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Response to Jilly_in_VA (Original post)

Tue Nov 30, 2021, 03:16 PM

1. Back in the 1930s, the University of Virginia was a boxing powerhouse.

Mortimer Caplin, who was eventually the Commissioner of Internal Revenue, was a boxer while an undergraduate there.

Mortimer Caplin

Commissioner of Internal Revenue

In office: February 7, 1961 – July 10, 1964

Born: Mortimer Maxwell Caplin; July 11, 1916; New York City, New York, U.S.
Died: July 15, 2019 (aged 103); Chevy Chase, Maryland, U.S.
Political party: Democratic
Education: University of Virginia (BS, LLB)
New York University: (LLM, SJD)

Mortimer Maxwell Caplin (July 11, 1916 – July 15, 2019) was an American lawyer and educator, and the founding member of Caplin & Drysdale, Chartered.


Early life


First in his class at the University of Virginia School of Law, and Editor-in-Chief of Virginia Law Review, Caplin served as a law clerk to U.S. Circuit Judge Armistead M. Dobie. He then practiced law in New York City from 1941 to 1950, with time out for military service in the United States Navy. During the invasion of Normandy, he served as U.S. Navy beachmaster, cited as member of initial landing force on Omaha Beach and the recipient of the French Legion of Honor.

In 1950, Caplin returned to UVA as professor of law, specializing in tax and corporate law and publishing extensively in these fields. He spent 33 years on the faculty of the U-Va. law school and jokingly credited his Internal Revenue Service appointment in 1961 to his “good judgment — the good judgment to have both Bobby and Teddy Kennedy as students at the University of Virginia and to pass them both. He also served as adjunct professor of law at The George Washington University Law School from 1965 to 1966 and at the University of Miami School of Law from 1967 to 1970. Additionally, Caplin engaged in practice as counsel to a Virginia law firm. He turned 100 in July 2016.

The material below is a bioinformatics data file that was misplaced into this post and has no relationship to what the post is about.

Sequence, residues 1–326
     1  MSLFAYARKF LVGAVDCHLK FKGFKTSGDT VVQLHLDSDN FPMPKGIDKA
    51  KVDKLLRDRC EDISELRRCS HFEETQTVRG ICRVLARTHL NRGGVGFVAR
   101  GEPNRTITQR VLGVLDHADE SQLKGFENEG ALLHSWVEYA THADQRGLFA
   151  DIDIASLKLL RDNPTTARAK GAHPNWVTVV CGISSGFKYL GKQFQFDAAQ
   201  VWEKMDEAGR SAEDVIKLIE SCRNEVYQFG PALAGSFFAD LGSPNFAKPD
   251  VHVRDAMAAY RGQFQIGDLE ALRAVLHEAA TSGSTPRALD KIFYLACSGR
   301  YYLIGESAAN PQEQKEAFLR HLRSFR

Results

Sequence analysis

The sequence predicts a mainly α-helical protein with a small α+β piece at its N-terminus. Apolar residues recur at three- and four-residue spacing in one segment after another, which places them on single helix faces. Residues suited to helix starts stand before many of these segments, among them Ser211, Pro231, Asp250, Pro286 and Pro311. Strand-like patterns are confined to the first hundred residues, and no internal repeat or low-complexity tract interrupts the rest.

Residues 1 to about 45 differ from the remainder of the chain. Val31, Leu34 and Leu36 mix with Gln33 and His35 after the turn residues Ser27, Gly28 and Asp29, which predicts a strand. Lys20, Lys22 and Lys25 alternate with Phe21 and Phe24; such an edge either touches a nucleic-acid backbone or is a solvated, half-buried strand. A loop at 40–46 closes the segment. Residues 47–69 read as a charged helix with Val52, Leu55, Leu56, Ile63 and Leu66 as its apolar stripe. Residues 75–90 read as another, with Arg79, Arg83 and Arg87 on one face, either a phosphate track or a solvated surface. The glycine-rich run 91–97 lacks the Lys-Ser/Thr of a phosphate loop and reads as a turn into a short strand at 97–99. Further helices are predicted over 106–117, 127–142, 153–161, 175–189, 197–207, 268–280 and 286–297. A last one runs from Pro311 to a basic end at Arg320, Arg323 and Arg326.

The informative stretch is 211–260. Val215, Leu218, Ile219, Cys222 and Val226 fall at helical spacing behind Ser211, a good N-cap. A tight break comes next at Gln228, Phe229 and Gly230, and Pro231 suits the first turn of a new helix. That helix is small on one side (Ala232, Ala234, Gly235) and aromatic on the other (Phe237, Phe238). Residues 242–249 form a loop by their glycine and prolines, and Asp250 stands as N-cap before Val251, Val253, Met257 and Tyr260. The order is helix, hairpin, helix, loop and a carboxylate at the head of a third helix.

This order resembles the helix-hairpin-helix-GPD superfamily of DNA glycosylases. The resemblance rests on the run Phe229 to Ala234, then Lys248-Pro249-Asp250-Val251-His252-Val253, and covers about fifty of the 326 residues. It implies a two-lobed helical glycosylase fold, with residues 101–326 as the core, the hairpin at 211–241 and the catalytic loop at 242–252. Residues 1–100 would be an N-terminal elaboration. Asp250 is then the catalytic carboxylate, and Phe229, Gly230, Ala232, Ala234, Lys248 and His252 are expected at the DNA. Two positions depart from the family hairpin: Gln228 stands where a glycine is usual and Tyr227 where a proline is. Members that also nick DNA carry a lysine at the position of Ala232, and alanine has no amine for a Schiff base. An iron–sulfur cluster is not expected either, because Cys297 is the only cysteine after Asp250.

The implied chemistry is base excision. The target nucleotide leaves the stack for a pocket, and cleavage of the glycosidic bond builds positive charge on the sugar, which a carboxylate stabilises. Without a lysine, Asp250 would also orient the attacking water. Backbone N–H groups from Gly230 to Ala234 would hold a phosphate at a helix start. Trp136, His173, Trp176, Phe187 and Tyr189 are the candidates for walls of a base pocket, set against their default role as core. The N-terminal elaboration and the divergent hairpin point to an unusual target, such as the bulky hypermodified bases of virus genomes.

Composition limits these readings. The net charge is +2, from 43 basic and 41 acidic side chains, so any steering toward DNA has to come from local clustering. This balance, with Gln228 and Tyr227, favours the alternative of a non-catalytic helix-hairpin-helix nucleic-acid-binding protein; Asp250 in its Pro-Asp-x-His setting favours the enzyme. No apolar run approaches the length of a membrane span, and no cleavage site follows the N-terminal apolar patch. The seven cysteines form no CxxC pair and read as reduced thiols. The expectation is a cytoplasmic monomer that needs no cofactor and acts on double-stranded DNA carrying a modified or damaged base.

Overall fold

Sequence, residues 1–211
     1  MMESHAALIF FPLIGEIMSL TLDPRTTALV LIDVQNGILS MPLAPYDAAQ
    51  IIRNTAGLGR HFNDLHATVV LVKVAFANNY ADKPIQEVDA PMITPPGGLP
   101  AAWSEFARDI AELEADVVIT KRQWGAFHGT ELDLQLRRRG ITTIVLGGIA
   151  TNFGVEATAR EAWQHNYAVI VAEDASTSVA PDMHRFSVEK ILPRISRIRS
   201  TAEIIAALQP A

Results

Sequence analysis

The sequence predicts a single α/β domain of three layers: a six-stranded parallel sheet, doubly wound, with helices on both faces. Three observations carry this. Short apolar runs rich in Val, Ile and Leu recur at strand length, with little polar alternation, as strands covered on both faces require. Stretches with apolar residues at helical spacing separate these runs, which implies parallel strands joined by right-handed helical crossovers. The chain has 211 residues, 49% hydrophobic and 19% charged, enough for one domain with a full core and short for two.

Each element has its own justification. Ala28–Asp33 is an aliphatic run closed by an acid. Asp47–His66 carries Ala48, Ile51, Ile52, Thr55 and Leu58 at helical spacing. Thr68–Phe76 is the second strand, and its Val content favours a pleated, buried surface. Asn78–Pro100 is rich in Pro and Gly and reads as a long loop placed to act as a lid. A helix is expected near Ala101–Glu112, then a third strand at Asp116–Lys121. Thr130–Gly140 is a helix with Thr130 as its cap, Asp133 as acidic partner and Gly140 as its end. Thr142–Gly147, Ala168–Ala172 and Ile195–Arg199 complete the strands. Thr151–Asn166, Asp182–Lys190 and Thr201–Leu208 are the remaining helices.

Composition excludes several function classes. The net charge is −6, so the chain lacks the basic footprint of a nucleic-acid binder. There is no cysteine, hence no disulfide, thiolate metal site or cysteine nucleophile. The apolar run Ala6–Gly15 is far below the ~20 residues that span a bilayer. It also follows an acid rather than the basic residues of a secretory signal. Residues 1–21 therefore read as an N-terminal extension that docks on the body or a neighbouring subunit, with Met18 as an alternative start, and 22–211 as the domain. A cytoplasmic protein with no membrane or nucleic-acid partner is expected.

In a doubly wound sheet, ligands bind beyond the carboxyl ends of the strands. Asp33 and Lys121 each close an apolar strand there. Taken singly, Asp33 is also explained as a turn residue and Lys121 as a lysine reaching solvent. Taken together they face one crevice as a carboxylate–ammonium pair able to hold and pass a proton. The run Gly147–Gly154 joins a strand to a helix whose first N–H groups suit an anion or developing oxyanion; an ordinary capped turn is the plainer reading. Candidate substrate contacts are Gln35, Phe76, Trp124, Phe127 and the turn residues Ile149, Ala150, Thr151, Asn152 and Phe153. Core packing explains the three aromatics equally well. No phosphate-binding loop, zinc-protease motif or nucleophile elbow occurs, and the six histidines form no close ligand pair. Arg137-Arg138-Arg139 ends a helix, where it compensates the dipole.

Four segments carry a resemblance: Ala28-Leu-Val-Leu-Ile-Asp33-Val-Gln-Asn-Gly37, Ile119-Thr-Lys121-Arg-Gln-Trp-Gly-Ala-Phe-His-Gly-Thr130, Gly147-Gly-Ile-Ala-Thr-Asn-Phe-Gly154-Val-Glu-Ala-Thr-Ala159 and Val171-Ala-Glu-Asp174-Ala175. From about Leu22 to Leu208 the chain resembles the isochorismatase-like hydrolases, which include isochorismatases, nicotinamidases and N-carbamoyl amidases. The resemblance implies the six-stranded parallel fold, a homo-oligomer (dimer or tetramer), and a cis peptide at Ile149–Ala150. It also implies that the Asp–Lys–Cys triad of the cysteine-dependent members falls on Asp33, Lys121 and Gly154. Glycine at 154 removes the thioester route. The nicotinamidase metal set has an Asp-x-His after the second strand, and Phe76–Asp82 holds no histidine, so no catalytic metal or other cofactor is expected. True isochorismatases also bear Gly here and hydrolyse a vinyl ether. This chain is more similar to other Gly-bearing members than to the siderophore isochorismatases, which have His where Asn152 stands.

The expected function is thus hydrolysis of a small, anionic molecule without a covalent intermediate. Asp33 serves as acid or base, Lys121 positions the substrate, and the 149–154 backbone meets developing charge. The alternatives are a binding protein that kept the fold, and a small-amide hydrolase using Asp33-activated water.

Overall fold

Government experience

Following President John F. Kennedy's election, Caplin served on the President's Task Force on Taxation and in January 1961 was appointed U.S. Commissioner of Internal Revenue.


Awards and honors

Caplin's contributions were recognized by numerous organizations over many years. The University of Virginia presented him the Supreme Court Justice William J. Brennan Jr. Award from its National Advocacy Program as well as the Thomas Jefferson Medal in Law, the university's highest honor. Caplin also received an honorary Doctor of Laws from Washington College in Chestertown, Maryland. The American Bar Foundation honored him at the National World War II Museum in New Orleans founded by historian and author, Stephen Ambrose. He was also named "Chevalier" of the Légion d'honneur or Legion of Honor by the President of the French Republic for his contributions to the United States' decisive role in the liberation of France during World War II. The Maryland General Assembly issued an official citation in recognition of his appointment as "Chevalier" of the Legion of Honor.

Caplin was the star middleweight of a national championship boxing team as a University of Virginia undergraduate in the mid-1930s.


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Jilly_in_VA Nov 2021 OP
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